As sertraline is a SRI, we extended our investigation of sex difference in the response to sertraline to brain regional changes of 5-HT and its metabolites in our animals. As shown in Figure 4, sertraline caused an increase in 5-HT and 5-HIAA levels in both brain regions of all the female mice regardless genotypes (Figures 4A,B). However, sertraline in males showed brain regional effects, such as sertraline induced greater increase of 5-HT and 5-HIAA levels in HPC than that in the PFC, while much significant reduction of 5-HIAA/5-HT ratio was found in the PFC than in the HPC compared to vehicle treated male group (Figures 4C,D). Male Thy1-Ar mice responded better to sertraline than male WT mice in terms of 5-HT and DA level changes, particularly a significant reduction of 5-HT index in the PFC from Thy1-Ar males compared to sex-matched WT males (Figure 4C). These changes suggested that sertraline induced sex-specific effect on DA and 5-HT metabolisms in the PFC and HPC and enriched brain estrogen only associated with the reduction of 5-HT index in males. However, in our experiments, the absence of the levels of 5-HT after treatment with sertraline in the PFC of male mice seems contradictory with some previous works. For example, studies of male rats demonstrated a time-dependent curve of SRI (fluoxetine) treatment on PFC monoamine levels and showed an elevation of 5-HT was started 1 h and reached to the peak at 2.5 h after the single injection of fluoxetine (Zocchi et al., 2003; Beyera, 2008). In our experiment, mice were terminated less than 1 h (∼40 min) after the sertraline injection which might be too early to observe the significant change of 5-HT levels in the PFC. Other possibilities include a variation of regional response to SRIs treatment in the PFC (the medial PFC is more sensitive than lateral PFC to SRIs-induced 5-HT) and regional 5-HT1A autoreceptors feedback mechanisms (Beyera, 2008). While we examined the PFC as a whole, the regional-specific response could be bleached out which might be partially responsible for the absence change of 5-HT induced by sertraline.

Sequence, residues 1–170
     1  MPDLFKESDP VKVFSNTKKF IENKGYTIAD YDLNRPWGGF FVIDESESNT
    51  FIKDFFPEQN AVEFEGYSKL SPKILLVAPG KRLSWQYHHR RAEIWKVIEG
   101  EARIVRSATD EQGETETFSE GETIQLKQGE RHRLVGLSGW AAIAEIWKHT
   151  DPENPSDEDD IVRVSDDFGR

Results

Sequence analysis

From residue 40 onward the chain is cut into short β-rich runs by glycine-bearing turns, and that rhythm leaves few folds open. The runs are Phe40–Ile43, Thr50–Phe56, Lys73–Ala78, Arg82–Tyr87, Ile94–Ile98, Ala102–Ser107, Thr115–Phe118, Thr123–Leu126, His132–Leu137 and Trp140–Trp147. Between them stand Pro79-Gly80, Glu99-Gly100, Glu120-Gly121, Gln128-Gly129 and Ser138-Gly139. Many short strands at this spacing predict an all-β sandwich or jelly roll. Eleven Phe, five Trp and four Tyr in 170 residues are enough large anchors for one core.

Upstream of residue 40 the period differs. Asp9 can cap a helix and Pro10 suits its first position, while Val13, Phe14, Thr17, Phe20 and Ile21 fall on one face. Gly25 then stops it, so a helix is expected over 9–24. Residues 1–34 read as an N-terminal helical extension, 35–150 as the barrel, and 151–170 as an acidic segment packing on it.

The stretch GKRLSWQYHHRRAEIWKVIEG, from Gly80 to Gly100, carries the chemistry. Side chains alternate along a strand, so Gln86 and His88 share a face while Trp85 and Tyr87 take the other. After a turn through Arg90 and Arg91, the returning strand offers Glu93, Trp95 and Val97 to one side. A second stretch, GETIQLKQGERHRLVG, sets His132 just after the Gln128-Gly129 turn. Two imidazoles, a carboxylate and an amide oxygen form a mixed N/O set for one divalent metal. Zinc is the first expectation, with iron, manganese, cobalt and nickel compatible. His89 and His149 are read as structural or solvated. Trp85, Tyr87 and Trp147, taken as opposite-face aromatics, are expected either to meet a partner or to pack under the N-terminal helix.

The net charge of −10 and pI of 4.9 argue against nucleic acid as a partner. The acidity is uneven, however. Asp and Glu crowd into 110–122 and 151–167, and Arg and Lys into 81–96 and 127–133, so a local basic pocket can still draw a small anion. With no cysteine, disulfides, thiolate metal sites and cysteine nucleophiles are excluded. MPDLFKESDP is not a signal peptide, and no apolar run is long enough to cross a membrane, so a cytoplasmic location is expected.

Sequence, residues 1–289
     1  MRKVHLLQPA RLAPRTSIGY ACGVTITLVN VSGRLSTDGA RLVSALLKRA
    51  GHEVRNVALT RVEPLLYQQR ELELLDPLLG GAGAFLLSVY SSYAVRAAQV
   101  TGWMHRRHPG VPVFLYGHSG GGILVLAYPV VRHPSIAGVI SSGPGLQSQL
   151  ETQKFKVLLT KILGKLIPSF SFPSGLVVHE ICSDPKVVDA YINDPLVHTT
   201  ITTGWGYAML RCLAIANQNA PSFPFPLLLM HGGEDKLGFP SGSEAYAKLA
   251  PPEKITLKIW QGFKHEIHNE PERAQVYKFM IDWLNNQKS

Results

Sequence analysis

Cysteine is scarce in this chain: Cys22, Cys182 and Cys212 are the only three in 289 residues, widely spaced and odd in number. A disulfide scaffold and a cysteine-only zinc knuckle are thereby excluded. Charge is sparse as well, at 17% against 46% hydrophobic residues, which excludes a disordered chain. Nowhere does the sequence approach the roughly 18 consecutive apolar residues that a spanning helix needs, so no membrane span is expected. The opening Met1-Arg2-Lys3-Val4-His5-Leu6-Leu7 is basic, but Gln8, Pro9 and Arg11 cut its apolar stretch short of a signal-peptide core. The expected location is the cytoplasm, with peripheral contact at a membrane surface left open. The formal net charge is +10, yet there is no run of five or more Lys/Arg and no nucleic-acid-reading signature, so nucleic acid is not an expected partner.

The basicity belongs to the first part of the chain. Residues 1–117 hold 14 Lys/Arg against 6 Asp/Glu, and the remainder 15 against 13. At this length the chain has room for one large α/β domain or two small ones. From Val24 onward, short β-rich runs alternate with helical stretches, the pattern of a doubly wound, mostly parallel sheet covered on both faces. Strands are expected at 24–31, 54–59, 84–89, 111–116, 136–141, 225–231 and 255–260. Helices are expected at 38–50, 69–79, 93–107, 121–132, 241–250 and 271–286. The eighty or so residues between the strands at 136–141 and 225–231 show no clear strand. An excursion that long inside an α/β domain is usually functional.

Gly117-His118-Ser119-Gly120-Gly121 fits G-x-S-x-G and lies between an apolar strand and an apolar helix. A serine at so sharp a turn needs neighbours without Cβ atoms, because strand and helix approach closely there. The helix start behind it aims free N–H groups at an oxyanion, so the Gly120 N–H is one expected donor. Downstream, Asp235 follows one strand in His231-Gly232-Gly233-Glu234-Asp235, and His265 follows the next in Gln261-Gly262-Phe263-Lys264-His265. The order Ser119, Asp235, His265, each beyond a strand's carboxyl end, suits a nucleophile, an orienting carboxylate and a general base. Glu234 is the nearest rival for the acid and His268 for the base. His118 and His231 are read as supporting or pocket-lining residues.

A variety of potential mechanisms have been proposed to explain the effect of estrogen levels on depression-like behaviors. First, estrogen may ameliorate the dysfunctional serotonergic activity contributing to depression-like behavior. For example, estrogen increased the mRNA expression of 5-HT synthesis key enzyme – tryptophan hydroxylase 2 (TPH2) in rat midbrain raphe nucleus (Hiroi et al., 2006). And estrogen could also upregulate the expression of 5-HT2A receptor (Sumner et al., 1999) and downregulate the expression of 5-HT1A and 5-HT1B autoreceptor in female rats (Osterlund and Hurd, 1998; Hiroi and Neumaier, 2009) to exert antidepressant effect. Besides, estrogen exhibits antidepressive action in part through neurotrophic factors and anti-inflammatory actions. While it is known that MDD often expresses a reduction of brain-derived neurotrophic factor (BDNF), study reported that estrogen treatment can increase BDNF level through binding to estrogen response element which is located on the BDNF gene (Franklin and Perrot-Sinal, 2006). Our unpublished data showed that both female and male Thy1-Ar mice showed significant increase of BDNF protein expression in HPC compared to WT. In addition, estrogens could downregulate pro-inflammatory cytokines, such as interferon gamma (IFN-γ) and interleukin-6 (IL-6) in MDD through the transcription factor NF-κB (Pozzi et al., 2006; Xu et al., 2015).

Changes of 5-HT metabolisms in specific brain regions have been also proposed in depression and response to antidepressants. Decreased ratio of 5-HIAA/5-HT in the PFC was essential for the improvement of depressive symptoms of rats (McNamara et al., 2010). Studies showed that the 5-HT index in the PFC was elevated by negative emotions (Park et al., 2012) and the 5-HT level in the HPC is known to be negatively correlation with depression-like behavior and positively correlation with antidepressant treatment (Mahar et al., 2014). In line with many published findings, estrogen appeared to facilitate the 5-HT action of SRIs and reinforced the antidepressant of SRIs via increasing 5-HT in synaptic. While short-term administration of sertraline played an essential role in 5-HT conversion in various brain regions (Muneoka et al., 2009), estrogen acted on estrogen receptor and regulated the 5-HT metabolisms indirectly through the 5-HT1A receptor (Li et al., 2013). Furthermore, estrogen can also alter the effects of SRIs on serotonin clearance through the MAPK/ERK1/2 and PI3K/Akt pathways (Benmansour et al., 2014). The metabolism of sertraline was controlled extensively by CYP 2D6 and 2C19, especially for CYP 2C19 (Probst-Schendzielorz et al., 2015). In other words, poor activity in CYP 2D6 and CYP 2C19 might elevate concentrations of sertraline, while estrogen reduced the biological function of CYP 2D6 and CYP 2C19 were suggested (Mwinyi et al., 2010; Pan and Jeong, 2015).